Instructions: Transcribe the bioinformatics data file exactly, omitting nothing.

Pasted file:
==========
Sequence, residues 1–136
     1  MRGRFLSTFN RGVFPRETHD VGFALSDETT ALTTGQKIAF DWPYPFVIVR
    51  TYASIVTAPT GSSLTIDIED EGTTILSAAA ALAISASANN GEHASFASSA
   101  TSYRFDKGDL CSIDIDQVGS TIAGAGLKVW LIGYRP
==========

Sequence, residues 1–136
     1  MRGRFLSTFN RGVFPRETHD VGFALSDETT ALTTGQKIAF DWPYPFVIVR
    51  TYASIVTAPT GSSLTIDIED EGTTILSAAA ALAISASANN GEHASFASSA
   101  TSYRFDKGDL CSIDIDQVGS TIAGAGLKVW LIGYRP